Is it just a blip, or is it for real? That's what global investors wonder after the torrid 17.5% runup in the Nikkei stock index to around 16,300 so far this year. After a nightmarish decade, maybe, just maybe, the scent of fast money has returned to the Tokyo Stock Exchange. Morgan Stanley Dean Witter equity guru Barton Biggs thinks so: He sees an additional 10% jump, to 18,000 by yearend.
Well, don't bet the kid's college savings on it. True, this market turn, which bests the 8% gain on Wall Street, feels different from the string of illusory rallies since 1992. The Nikkei typically jumps at this time of year as Japan Inc. closes its books on the Mar. 31 fiscal yearend. In years past, officialdom has talked up the market, or more crudely rigged it by government purchases of shares, to prevent banks and companies from having to take big losses on their massive shareholdings of each other.
Then, just as the cherry blossoms started to bloom in April, the market would wilt once it became clear the economy and profits were going nowhere. Now, foreign money managers, who pumped $5 billion into Japanese equities in February alone, are betting that growth has picked up after falling for five straight quarters.
SCRAMBLING. What do they see? A flurry of corporate restructuring, an ultra-loose monetary policy, and a historic government spending drive to fix the banks and kick-start the broader economy. Add it all up, and "right now, foreign investors are panicking about being underweight in Japan," says Gary Evans, equity strategist at HSBC Securities Inc. With Japan a slim 5% of most global portfolios, money pros want a hedge in case pricey Wall Street and uncertain European markets plunge.
Trouble is, they could soon find themselves scrambling for the exits in Tokyo. Sure, Sony Corp., Japan Airlines, and other blue chips have unveiled credible makeover plans lately. But Evans thinks some 180 big companies that HSBC tracks haven't gone far enough. Consider the banks. Even with a $65 billion government cash infusion into the biggest lenders now under way, plus more to come next year, ING Barings analyst James Fiorillo figures it will take them five years to right themselves and generate decent profits.
And today's bullishness is sure to be tested during the results season in May. Overall earnings are expected to fall an average 20%, while Tokyo's top 15 banks are expected to report $27 billion in losses--scarcely the stuff of bull markets.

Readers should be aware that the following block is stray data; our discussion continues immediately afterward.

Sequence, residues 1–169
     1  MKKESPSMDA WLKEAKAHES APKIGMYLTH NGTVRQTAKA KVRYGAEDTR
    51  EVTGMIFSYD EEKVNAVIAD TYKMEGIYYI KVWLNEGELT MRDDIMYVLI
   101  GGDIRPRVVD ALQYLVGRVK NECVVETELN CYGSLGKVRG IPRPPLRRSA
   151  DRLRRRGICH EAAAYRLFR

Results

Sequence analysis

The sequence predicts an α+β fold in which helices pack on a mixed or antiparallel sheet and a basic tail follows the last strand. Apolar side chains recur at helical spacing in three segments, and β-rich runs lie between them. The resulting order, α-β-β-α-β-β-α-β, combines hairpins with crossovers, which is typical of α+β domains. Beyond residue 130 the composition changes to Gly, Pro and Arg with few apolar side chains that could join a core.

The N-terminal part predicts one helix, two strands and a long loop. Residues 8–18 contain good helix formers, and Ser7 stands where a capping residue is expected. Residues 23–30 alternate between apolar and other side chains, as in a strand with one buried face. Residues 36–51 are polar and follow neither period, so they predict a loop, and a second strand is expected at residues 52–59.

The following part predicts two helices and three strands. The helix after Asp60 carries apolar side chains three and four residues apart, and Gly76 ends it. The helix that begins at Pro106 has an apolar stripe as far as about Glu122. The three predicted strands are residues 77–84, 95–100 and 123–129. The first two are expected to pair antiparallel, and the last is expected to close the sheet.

What's more, huge swathes of the economy are basically on government life support. It's not just the banks. A big chunk of a record $200 billion program announced by Prime Minister Keizo Obuchi's government last fall is a thinly veiled subsidy for Japan's over-crowded construction sector. Both the Bank of Japan and the Ministry of Finance are propping up companies with commercial paper purchases and government loans.
For now, that has brought down corporate failures from record levels and created a modest recovery in industrial production and consumer spending. But with Tokyo's big budget deficits, the game can't last forever. "We could see bankruptcies pick up again" in the coming year, says one U.S. fund manger.
Beyond that, the yen has gained about 5% against the dollar, to 118, since early March. That's because Japanese banks unloaded about $8 billion worth of foreign bonds last month and brought yen home. But once their books are closed, the yen is expected to fall, maybe to as low as 140 by yearend, says Merrill Lynch & Co. senior economist Ronald Bevacqua. That would cut into foreign investors' returns in dollar terms. What's more, plenty of Japanese banks and companies want to dump their shares in each other, which could put selling pressure on the market.
All the same, the Nikkei has rebounded smartly from depressed levels. And both Japan Inc. and the government are clearly in crisis-management mode. That's all to the good, and maybe an economic recovery of sorts is really in the cards for next year. Between now and then, though, expect a roller-coaster ride for the Nikkei.